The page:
Rutgers University
  • Forecast Tropical Storm Cristobal

    Posted on June 4th, 2020 Scott Glenn No comments

    It starts with the National Hurricane Center, with a forecast track for Cristobal going up the Yucatan Peninsula, across the Gulf of Mexico and into the Gulf Coast.

    I then turn to my favorite product visualizer, the MARACOOS OceansMap.  Below is a map of the forecast track for Cristobal over the bathymentry of the Gulf of Mexico.  Here we see that Cristobal is forecast to travel over the shallow Yucatan Shelf Saturday morning, then cross the very steep Campeche Escarpment into deep water.  Cristobal then spends Saturday afternoon through Sunday morning over the deep Gulf of Mexico.  On Sunday afternoon Cristobal starts making its way across the Louisiana – Texas continental shelf towards eventual landfall.

    Next we use OceansMap to look for the Essential Ocean Features impacting hurricane intensity.  The Essential Ocean Features in the Gulf of Mexico are the very warm Loop Current, the warm and cold eddy features, and the fresh water from the Mississippi.  The Loop current enters the Gulf through the Yucatan Straits between Mexico and Cuba, forms and inverted U shaped loop inside the Gulf, and exits the Gulf through the Straits of Florida between the Keys and Cuba.  The largest Loop Current Eddies break off from the Loop Current and travel Westward across the Gulf through the deepwater region noted above. Below we look for these Essential Ocean Features using OceansMap.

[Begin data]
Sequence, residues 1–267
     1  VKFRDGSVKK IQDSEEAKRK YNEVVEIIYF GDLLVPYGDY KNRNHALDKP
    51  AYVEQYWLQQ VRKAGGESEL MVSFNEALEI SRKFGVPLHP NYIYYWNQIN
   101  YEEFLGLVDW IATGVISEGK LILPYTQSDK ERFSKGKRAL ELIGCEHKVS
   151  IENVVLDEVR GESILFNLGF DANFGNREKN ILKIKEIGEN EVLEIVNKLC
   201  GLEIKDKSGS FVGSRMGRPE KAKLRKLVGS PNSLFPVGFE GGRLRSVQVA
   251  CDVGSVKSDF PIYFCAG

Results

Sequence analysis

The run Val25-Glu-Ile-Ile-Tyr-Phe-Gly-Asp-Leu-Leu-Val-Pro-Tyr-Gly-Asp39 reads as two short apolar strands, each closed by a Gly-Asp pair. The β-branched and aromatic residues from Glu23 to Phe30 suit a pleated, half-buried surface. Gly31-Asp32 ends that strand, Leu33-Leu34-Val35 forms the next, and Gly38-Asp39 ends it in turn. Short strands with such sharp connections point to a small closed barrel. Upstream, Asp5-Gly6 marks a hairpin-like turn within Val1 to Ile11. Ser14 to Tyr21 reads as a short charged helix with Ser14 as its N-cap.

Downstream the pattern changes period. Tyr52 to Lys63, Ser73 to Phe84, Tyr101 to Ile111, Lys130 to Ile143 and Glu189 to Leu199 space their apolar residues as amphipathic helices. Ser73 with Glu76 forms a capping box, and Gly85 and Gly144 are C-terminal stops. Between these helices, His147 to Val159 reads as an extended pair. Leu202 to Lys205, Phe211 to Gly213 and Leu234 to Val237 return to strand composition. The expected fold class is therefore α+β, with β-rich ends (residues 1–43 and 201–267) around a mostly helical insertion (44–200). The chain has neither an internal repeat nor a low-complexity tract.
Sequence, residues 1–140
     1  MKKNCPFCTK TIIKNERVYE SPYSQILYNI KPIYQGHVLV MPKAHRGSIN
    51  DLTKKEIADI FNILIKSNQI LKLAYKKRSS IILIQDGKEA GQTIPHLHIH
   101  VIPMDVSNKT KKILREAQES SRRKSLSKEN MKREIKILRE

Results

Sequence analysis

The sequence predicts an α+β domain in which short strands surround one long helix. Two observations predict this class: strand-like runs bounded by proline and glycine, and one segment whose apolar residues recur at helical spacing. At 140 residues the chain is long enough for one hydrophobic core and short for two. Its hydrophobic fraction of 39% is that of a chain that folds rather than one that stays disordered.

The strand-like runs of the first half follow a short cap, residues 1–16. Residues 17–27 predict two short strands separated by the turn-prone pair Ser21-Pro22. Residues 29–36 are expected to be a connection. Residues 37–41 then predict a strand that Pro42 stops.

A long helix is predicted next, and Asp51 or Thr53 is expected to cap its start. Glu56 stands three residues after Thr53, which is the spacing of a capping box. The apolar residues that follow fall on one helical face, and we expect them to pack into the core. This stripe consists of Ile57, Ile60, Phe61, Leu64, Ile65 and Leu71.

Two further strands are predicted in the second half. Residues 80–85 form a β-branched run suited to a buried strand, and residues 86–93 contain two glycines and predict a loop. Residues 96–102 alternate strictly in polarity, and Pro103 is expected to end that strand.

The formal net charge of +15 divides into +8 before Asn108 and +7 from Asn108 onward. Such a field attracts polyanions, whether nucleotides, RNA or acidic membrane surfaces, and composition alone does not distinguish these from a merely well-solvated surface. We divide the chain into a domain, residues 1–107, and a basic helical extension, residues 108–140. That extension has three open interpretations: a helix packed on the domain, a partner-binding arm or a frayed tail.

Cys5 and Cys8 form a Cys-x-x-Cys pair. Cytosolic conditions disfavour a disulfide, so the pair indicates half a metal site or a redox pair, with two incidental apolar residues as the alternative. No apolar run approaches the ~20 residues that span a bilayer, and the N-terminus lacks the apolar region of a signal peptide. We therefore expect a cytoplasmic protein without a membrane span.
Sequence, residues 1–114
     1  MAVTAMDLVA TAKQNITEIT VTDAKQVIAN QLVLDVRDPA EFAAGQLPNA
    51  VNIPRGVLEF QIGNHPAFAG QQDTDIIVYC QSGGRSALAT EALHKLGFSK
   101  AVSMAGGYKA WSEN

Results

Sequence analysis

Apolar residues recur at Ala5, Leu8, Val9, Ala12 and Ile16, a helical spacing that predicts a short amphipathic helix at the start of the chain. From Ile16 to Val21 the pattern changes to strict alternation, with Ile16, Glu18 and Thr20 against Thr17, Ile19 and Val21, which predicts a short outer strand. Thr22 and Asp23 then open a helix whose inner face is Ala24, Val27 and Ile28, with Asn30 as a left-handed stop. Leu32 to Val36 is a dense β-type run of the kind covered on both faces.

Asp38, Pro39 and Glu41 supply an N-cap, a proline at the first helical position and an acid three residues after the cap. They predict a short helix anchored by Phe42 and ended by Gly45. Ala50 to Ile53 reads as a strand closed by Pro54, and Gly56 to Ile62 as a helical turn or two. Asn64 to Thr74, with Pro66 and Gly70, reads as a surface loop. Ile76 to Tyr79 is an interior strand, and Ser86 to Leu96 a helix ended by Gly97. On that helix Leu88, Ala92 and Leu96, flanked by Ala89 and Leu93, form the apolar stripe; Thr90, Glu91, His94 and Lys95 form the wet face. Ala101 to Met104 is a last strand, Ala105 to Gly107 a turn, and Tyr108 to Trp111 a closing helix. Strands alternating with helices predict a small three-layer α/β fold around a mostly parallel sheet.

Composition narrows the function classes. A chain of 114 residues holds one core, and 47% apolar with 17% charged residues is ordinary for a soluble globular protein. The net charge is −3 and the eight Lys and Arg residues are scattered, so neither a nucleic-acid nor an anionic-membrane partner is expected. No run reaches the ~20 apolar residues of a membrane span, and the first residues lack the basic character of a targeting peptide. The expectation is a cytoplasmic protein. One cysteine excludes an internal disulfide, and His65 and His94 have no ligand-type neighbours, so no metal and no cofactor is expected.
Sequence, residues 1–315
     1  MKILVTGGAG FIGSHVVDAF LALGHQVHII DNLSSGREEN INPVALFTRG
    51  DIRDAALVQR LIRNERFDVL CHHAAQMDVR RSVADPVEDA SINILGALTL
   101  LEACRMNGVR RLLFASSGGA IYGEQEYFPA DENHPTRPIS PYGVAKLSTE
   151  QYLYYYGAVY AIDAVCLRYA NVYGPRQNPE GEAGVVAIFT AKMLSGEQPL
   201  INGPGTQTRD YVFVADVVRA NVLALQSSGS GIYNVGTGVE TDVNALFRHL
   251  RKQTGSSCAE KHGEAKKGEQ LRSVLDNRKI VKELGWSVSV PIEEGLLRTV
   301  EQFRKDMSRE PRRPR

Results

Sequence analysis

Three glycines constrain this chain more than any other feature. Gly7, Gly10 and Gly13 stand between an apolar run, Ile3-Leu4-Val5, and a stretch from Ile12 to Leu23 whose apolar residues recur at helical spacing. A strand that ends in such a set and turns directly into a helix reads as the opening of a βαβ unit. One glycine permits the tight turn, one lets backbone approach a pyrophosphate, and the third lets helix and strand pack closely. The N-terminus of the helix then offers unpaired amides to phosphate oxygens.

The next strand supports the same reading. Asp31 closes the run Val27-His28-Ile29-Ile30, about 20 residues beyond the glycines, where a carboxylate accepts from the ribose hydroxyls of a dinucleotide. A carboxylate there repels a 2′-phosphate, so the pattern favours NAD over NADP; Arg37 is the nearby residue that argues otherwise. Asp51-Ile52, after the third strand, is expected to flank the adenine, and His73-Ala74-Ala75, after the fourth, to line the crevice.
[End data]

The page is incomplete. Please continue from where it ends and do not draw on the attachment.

In OceansMap we first bring up the Navy Global Ocean Forecast System version 3.1, based on the HYCOM model.  This is the model that assimilates all the ocean data for the hurricane forecasts, making it the critical first step in getting the ocean right. The nice thing about OceansMap is that the images can be manipulated in my web browser, so I can vary the enhancement.  Below we have plotted the GOFS 3.1 Sea Surface Temperature field and adjusted the color bar to highlight temperatures between 20C (blue) and 30C (red). The warm Loop Current is easy to see entering the Gulf, extending somewhat less than half way north, and sharply turning back south, running along the West Florida Shelf to exit through the Florida Straits.  We then move to identifying the eddies in our census of Essential Ocean Features.  The most critical are known as Anticyclonic Eddies due to their clockwise circulation patterns.  They are also known as Warm Eddies, since they have a deep warm subsurface structure that we don’t see in these surface maps, and warm water is the fuel for hurricane intensity.  Looking for regions of clockwise circulation we see two, one large area right under the forecast track of Cristobal.  Cristobal is forecast to be over this warm water feature Saturday 1 pm to Sunday 1 am.  This is the location to watch.  The other clockwise circulation feature is to the right of the storm track up against the West Florida Escarpment.   The next set of Essential Ocean Features are the Cyclonic Eddies, with counterclockwise circulation and a subsurface structure that is cold. The cold water in these eddies have the effect of trying to weaken the storm.  One of these Cyclonic Eddies are located just south of Louisiana birdfoot, between the two Anticyclonic eddies noted above.  There also appears to be very cold upwelled water on the shallow water of the Yucatan Shelf, and in the shallow water of the West Florida Shelf.